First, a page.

A few days kayaking on the Norfolk Coast prompts these thoughts on energy supply. Having wild camped on the coast under clear skies the full extent of the relatively new "Sheringham Shoal" windfarm really struck me. Whilst on a clear day you can see the turbines at night each one is identified by a red navigation light, there a lot of them.

On the following day I then read about the conversion of Drax Power Station to run on biomass and the latest developments on fracking with Ineos offering financial incentives to land owners.

The drive to reduce carbon emissions has been on the political agenda for some time now and all part of the sustainability agenda. The big industrial nations have recognised that this has to be addressed and some are doing more than others to achieve this. UK plc has it's own targets with the headline target to reduce emissions by some 80% by 2050 (from the 1990 baseline). This commitment has driven the migration to renewable energy and we have seen the dramatic increase in wind and solar energy generation. In parallel with this the coal fired power stations have over the last 20 years added flue gas de-sulphurisation plants, added clean burn technology, developed carbon capture technology and in a few cases moving to biomass as an alternative to coal. However not all stations could achieve emission targets so some have closed. It does have to be remembered that approximately 30% of UK energy is generated from coal and more power station closures are planned to meet emission targets.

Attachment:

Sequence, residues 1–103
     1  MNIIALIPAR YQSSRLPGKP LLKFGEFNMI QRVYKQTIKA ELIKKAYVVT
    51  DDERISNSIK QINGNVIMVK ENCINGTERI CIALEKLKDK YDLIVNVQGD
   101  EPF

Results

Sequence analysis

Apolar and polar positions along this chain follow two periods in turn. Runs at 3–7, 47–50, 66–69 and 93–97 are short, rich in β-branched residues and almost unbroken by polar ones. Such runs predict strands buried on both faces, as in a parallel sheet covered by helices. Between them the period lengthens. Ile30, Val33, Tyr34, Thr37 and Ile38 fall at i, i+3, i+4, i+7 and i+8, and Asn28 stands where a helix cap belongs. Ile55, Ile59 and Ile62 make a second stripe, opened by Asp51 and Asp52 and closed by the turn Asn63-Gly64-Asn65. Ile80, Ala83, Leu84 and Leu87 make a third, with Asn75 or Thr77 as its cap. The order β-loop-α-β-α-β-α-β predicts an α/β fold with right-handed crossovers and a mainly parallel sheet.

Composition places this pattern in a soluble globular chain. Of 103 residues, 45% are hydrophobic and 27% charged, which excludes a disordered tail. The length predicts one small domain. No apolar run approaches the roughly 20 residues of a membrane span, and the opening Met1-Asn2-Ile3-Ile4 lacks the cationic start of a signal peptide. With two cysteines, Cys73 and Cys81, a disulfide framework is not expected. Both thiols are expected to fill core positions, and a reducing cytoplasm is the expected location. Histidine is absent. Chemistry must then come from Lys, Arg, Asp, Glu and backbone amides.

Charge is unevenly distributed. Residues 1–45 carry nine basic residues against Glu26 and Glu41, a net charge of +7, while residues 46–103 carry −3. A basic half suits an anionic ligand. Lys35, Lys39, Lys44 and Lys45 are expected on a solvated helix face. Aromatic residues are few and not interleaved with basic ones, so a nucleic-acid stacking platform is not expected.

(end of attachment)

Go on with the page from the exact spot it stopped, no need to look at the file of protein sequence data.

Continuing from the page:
So what about Drax. In short I remain to be convinced as to the logic (and carbon cost) of felling timber from the USA to feed a huge power station in Yorkshire. Reports over the weekend talk about the proposal to use timber from North Carolina to feed Drax. The report says that timber will not be clear felled and only offcuts/thinnings will be used. This material will be processed into pellets and a new pellatizing plant has been built. Pellets are quite volatile so they are to be stored in purpose built stores (really substantial concrete structures) and nitrogen will be pumped through the pellets to reduce risk of combustion. From here the pellets will be shipped to the UK with 3 bulk carrier loads a week. Once landed put into another purpose built store and then transport by rail to Drax. Guess what they are then stored in three more stores or domes as they were described. Just to give you an idea of scale the domes, described as the worlds largest are 300ft high!!

So it's easy use some offcuts, make them into pellets, use a few trucks/trains/ships to transport them 3,800 miles. I almost forgot to mention Drax will consume 7 million tonnes of pellets per annum. The best bit is that in one of the reports I read it stated that the whole project is "carbon neutral" as are using "sustainable timber sources". No mention of the huge carbon cost of getting a tree from North Carolina to Drax.